Monday, June 5

Tutankhamun uncovers himself in his tomb

Howard Carte, next to Tutankhamun’s sarcophagus. / RC

Oxford University celebrates the centenary of the historic find with an exhibition of the archive of the excavation

Oxford University is showing for the first time more than a hundred original manuscripts, photographs and reproductions from the discovery of Tutankhamun’s tomb in November 1922 under the direction of Howard Carter and his British patron, the Earl of Carnarvon. Tutankhamun: Excavating the Archive, which is housed at the Bodleian Library’s Weston Branch until February 2023, documents the complexity of each phase of the archaeological process and highlights the contribution of Egyptian staff to the project. “This is not the story of one heroic man, but a genuine team effort. The manuals tend to ignore the contribution of the Egyptians and we try to rectify it by projecting the focus on them, ”explains Daniela Rosenow, curator of the exhibition together with Professor Richard Bruce Parkinson, to this newspaper.

Foremen, workers, porters and other local assistants take center stage in this graphic return to the Valley of the Kings, in Luxor. They appear in images by expedition photographer Harry Burton, illustrating the painstaking effort of cataloging and locating each object in the underground chambers. For both Egyptologists, the star of the exhibited collection is the photograph of a boy with a turban and a colorful necklace of precious stones on his tunic. “It projects a powerful feeling of the connection between ancient and modern Egypt, between the world of the living and the dead,” interprets Parkinson. The identity of the boy, similar in age and height to the late pharaoh, who assumed the role of Tutankhamun’s double in order to “demonstrate the method of suspension” of the jewel, is not known. “He looks uncomfortable, tense, aware of the physical weight of the necklace and the weight of history that it metaphorically carries on his shoulders,” adds Rosenow.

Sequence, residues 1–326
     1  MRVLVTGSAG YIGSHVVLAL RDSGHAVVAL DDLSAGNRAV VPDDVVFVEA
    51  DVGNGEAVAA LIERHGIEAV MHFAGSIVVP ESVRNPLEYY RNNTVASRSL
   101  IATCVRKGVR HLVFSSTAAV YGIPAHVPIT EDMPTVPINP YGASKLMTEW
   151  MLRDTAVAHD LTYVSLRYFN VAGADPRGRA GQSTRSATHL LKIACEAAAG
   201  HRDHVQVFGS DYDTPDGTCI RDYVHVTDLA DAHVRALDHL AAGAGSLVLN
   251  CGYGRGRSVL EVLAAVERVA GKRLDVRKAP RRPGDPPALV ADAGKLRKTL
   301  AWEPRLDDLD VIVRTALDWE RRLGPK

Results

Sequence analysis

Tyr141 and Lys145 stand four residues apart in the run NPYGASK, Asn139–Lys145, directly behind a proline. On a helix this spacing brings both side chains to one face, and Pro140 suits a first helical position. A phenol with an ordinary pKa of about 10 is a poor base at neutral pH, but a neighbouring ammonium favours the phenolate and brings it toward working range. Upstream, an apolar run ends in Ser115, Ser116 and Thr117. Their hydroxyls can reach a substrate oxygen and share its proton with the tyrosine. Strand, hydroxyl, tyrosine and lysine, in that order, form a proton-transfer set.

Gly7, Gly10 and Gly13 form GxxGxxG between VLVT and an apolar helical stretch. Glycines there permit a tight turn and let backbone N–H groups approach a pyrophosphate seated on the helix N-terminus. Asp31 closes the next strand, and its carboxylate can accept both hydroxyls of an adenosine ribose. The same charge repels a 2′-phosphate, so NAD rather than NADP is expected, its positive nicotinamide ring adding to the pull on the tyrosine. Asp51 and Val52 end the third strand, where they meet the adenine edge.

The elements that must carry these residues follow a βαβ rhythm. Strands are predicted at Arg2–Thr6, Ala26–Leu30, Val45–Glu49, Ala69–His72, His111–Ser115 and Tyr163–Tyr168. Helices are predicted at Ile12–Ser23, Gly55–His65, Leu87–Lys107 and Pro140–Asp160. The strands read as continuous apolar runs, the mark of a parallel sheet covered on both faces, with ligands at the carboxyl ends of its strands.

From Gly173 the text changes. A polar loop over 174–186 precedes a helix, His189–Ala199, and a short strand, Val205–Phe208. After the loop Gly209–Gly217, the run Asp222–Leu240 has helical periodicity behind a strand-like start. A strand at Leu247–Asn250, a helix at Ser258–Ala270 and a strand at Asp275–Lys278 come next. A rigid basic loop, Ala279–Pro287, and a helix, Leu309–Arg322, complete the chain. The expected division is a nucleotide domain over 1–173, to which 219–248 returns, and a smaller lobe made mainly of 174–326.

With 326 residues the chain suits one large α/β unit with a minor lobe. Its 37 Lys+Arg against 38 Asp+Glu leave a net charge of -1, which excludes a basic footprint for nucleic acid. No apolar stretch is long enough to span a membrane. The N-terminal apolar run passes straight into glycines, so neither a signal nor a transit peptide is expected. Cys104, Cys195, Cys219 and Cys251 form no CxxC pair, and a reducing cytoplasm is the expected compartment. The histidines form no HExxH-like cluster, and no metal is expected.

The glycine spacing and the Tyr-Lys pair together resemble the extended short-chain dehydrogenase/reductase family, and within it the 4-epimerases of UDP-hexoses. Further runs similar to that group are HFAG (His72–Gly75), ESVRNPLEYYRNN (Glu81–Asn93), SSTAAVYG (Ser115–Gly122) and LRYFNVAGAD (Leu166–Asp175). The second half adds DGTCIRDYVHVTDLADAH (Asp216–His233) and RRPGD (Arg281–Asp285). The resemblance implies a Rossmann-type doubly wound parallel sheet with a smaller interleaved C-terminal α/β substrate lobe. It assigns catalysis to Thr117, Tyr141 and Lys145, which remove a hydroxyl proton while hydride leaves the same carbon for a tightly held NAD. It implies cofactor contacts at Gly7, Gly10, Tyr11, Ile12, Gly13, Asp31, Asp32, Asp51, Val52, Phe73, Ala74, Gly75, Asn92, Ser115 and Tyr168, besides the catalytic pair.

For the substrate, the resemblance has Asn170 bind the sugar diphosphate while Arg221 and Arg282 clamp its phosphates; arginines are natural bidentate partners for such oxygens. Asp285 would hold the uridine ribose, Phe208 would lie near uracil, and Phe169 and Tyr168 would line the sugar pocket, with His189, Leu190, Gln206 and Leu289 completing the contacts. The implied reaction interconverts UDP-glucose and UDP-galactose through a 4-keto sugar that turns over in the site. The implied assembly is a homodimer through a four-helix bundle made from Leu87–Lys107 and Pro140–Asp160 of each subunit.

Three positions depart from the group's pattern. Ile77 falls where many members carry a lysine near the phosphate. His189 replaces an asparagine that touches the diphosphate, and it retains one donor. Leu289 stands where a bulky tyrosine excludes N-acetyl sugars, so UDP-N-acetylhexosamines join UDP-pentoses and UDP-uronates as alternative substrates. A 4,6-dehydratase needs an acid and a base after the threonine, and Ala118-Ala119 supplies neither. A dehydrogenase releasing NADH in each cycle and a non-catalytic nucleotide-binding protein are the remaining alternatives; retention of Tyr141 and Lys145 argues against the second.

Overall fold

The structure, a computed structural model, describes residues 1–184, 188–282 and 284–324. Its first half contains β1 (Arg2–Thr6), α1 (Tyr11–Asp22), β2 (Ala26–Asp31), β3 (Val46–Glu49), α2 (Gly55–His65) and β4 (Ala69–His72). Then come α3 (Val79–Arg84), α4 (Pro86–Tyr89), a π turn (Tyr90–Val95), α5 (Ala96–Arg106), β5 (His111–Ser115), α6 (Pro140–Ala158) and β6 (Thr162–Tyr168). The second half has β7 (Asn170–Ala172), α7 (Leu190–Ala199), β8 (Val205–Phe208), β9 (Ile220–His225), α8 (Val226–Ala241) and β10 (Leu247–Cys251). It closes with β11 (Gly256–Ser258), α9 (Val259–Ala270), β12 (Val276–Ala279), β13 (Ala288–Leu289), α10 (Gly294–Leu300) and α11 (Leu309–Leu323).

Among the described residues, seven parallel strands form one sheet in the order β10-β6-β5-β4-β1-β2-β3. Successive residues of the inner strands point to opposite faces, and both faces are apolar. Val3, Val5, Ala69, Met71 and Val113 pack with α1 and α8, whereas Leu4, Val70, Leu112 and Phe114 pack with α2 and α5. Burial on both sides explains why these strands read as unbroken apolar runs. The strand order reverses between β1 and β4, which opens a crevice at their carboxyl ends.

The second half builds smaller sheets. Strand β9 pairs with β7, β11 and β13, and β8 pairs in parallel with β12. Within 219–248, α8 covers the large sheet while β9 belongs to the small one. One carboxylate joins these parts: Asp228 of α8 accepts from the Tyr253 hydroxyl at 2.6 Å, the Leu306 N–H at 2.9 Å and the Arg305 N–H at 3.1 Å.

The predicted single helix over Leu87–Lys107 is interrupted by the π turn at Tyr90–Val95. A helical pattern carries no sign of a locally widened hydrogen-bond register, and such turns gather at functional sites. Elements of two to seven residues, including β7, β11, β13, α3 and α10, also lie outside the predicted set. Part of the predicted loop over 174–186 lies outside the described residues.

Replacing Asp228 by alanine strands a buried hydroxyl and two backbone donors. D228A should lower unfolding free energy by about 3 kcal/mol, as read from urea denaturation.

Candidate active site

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Amulets among the bandages

Carter’s archive was donated to the Griffith Institute, the university’s Egyptology center. It includes the archaeologist’s diary, his notebooks and explanatory notes, maps, plans, drawings and inventories of the rescued pieces. It preserves negatives and photographs of the excavation, as well as the restoration, packaging and transfer of the treasures to Cairo, where they have been kept ever since. The collection has also been digitized and can be consulted electronically.

In one of the manuscripts on display at Oxford, Carter describes the “great moment” when he saw, by candlelight and through a crack in the antechamber, “a strange and wonderful hodgepodge of rare and precious objects huddled one on top of the other.” ». Lord Carnarvon waited behind and asked impatiently, “Can you see anything?” I replied, “Yes, it’s wonderful.”

The notes and photographs also reveal ‘errors’ in the burial of the young pharaoh in a recycled tomb with reused materials. This was the case with the outer sarcophagus whose “feet had to be cut off because it was too long”, according to the curator in the exhibition catalogue. The coffin was not opened until 1925 and the experts took nine days to remove the bandages that wrapped the body of the ‘golden king’. Some 150 objects hidden among the bandages protected Tutankhamun, such as amulets, bracelets and two daggers.

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